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Discussion Starter #1
Any one buy the ducati brand m696 fender kit? Just installed mine and realized the actual plate holder is euro spec...wtf?!! Does anyone know if ducati makes the kit in US spec? The euro kit plate mount is too big in all aspects. The only way for it to fit is to drill holes in the top bracket or plate itself and cut the lower brackets off. Seems like a shame for how much money it was. Any one have the same problem? Suggestions to fit??

Yes, I know other manufactures make eliminator kits for half the money but I thought the ducati kit would integrate and look better.

Help...
 

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You got it, drill two holes and cut the legs off the bottom that fit the Euro plate.
Also make sure you use the brackets to secure the rear signals to frame.
I have even seen some dealer installs where they where missing.

It's worth the little effort required, IMO it is the best looking, most integrated kit out there. And the little "DUCATI" engraved on the tag light doesn't hurt.


BTW: the stock signal screws that you removed, work perfectly for removing the spacers from the front signals :)

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same here, just ordered the same kit for my new 1100S, which i'll have to do the same for.

What's up with ducati accessories? i know it's august in italy, but i've just been told that fork preload adjusters are on backorder until next year...

be prepared to wait for anything from the catalog that starts with a 9...
 

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Discussion Starter #4
.

You got it, drill two holes and cut the legs off the bottom that fit the Euro plate.
Also make sure you use the brackets to secure the rear signals to frame.
I have even seen some dealer installs where they where missing.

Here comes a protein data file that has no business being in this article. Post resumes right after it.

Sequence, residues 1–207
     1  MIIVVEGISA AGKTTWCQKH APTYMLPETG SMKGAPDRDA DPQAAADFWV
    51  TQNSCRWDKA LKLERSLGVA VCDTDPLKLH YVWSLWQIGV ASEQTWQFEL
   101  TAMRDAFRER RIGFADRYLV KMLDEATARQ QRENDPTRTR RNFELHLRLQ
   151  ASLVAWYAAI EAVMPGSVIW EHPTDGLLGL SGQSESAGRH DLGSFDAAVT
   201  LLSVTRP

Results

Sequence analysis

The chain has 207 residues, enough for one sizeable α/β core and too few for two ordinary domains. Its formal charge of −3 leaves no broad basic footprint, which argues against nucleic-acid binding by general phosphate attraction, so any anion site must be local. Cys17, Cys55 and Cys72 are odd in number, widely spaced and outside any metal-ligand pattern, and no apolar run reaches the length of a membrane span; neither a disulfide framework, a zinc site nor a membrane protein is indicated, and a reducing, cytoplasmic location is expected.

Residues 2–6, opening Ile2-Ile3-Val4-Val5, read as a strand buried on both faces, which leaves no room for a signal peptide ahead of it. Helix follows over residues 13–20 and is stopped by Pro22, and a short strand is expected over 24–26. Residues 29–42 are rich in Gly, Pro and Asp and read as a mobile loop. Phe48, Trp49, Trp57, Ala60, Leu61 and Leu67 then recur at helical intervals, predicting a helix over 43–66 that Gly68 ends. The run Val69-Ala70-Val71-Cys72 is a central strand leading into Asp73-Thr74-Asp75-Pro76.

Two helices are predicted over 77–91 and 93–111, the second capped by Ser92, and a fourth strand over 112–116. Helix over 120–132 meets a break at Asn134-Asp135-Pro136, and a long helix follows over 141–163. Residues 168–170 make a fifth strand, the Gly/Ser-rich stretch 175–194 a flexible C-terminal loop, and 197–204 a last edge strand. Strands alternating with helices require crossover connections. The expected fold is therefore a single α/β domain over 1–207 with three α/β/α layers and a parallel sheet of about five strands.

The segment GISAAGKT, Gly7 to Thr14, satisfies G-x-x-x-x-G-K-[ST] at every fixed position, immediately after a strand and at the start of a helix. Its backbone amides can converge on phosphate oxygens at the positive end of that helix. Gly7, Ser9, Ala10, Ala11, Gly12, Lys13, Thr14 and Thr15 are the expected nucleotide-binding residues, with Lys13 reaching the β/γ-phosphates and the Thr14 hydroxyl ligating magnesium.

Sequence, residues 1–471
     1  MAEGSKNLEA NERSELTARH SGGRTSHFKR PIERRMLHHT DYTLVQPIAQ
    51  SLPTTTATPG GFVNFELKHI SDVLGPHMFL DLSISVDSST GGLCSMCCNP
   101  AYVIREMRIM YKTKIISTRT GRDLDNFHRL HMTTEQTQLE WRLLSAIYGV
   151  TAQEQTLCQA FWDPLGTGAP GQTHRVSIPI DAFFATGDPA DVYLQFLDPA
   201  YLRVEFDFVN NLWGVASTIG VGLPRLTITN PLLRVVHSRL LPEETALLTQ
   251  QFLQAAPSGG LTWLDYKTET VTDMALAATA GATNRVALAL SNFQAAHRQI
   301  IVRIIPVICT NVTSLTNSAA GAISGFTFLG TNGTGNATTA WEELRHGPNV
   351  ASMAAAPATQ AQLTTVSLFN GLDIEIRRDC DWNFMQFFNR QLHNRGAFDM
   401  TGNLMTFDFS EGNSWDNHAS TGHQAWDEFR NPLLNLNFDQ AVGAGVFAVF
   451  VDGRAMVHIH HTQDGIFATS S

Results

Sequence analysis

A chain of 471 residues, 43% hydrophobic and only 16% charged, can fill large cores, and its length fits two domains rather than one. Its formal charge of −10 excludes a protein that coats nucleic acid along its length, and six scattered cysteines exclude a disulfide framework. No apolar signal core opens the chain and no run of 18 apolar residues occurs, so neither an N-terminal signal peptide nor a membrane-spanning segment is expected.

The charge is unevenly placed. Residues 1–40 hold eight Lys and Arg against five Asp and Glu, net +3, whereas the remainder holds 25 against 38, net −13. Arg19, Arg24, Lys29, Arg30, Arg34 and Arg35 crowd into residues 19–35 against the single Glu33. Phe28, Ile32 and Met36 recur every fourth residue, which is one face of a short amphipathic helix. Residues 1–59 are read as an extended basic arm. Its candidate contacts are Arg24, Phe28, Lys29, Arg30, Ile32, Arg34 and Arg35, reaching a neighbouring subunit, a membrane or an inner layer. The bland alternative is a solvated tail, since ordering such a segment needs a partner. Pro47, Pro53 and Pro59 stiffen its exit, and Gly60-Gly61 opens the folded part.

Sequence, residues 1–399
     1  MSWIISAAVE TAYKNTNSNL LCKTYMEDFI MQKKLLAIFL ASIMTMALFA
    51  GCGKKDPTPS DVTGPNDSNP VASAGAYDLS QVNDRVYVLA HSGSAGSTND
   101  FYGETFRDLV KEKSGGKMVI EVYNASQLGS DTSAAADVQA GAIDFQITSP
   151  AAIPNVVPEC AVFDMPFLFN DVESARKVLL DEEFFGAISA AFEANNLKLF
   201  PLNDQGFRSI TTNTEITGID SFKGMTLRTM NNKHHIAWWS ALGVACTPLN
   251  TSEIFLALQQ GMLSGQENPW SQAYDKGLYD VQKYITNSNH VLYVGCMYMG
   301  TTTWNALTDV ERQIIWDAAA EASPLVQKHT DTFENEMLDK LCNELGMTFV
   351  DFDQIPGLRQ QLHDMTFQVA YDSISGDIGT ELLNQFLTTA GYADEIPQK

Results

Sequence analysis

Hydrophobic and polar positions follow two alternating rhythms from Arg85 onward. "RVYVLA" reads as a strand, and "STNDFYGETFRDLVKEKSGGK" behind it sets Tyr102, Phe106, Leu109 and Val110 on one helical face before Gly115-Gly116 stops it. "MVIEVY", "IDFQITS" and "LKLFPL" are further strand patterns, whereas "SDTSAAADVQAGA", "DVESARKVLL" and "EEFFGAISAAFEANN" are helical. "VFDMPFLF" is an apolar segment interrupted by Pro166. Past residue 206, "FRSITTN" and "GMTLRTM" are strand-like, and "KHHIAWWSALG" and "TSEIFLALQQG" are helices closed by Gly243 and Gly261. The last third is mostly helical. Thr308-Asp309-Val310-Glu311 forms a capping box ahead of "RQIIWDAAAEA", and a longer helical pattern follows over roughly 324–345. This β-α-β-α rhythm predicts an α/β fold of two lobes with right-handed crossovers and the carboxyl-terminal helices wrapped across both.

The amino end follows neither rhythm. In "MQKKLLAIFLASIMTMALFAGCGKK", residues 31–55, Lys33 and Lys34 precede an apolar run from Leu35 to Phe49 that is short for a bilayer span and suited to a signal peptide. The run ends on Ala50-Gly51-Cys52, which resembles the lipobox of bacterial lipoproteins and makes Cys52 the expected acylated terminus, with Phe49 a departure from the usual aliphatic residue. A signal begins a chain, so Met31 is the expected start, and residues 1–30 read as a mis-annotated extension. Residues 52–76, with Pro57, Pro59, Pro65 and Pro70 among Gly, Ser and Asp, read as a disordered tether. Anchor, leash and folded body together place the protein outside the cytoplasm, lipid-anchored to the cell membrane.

It's worth the little effort required, IMO it is the best looking, most integrated kit out there. And the little "DUCATI" engraved on the tag light doesn't hurt.


BTW: the stock signal screws that you removed, work perfectly for removing the spacers from the front signals :)

.
Ya...I made sure to use the signal brackets. Keeps them really stable. I had a tough time mounting the rear part of the kit to the bike and aligning all brackets and the screws. I noticed the turn signals wires don't integrate back as well as the original. I had to fish them through an opening toward the back of the storage compartment. Hopefully I did it right...don't know of any other way. Thanks for the tip.
 

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Discussion Starter #5
.

You got it, drill two holes and cut the legs off the bottom that fit the Euro plate.
Also make sure you use the brackets to secure the rear signals to frame.
I have even seen some dealer installs where they where missing.

It's worth the little effort required, IMO it is the best looking, most integrated kit out there. And the little "DUCATI" engraved on the tag light doesn't hurt.


BTW: the stock signal screws that you removed, work perfectly for removing the spacers from the front signals :)

.

What did you use to cut the legs off the plate mount? Hacksaw...power grinder
 

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I used a Dremel with a cut off wheel, then polished and painted the edge, but a hacksaw would work, its just aluminum.

.
 

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Used a dremel tool also. Then used a black permanent marker to color the cut aluminum. That unit was a complete pain in the arse to install. The directions I had were terrible, fortunately I had a service manual and that made it a little easier to navigate. I do agree, the DP is the best option verses what is out there. The side key lock and the finished, quality look was worth the the extra cash to me.